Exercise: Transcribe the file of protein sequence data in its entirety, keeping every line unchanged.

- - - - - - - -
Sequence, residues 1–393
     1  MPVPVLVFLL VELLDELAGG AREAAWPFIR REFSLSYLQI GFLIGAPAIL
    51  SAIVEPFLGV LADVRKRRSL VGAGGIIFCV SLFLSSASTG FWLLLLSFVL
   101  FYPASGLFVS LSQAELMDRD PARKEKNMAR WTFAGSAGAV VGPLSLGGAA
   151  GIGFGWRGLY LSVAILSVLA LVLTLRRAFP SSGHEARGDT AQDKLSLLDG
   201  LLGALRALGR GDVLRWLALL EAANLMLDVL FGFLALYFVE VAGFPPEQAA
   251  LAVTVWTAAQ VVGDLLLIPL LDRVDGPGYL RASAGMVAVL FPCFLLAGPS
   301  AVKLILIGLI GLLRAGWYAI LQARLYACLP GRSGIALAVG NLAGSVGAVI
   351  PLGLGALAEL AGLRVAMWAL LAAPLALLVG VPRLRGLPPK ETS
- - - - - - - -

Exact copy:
Sequence, residues 1–393
     1  MPVPVLVFLL VELLDELAGG AREAAWPFIR REFSLSYLQI GFLIGAPAIL
    51  SAIVEPFLGV LADVRKRRSL VGAGGIIFCV SLFLSSASTG FWLLLLSFVL
   101  FYPASGLFVS LSQAELMDRD PARKEKNMAR WTFAGSAGAV VGPLSLGGAA
   151  GIGFGWRGLY LSVAILSVLA LVLTLRRAFP SSGHEARGDT AQDKLSLLDG
   201  LLGALRALGR GDVLRWLALL EAANLMLDVL FGFLALYFVE VAGFPPEQAA
   251  LAVTVWTAAQ VVGDLLLIPL LDRVDGPGYL RASAGMVAVL FPCFLLAGPS
   301  AVKLILIGLI GLLRAGWYAI LQARLYACLP GRSGIALAVG NLAGSVGAVI
   351  PLGLGALAEL AGLRVAMWAL LAAPLALLVG VPRLRGLPPK ETS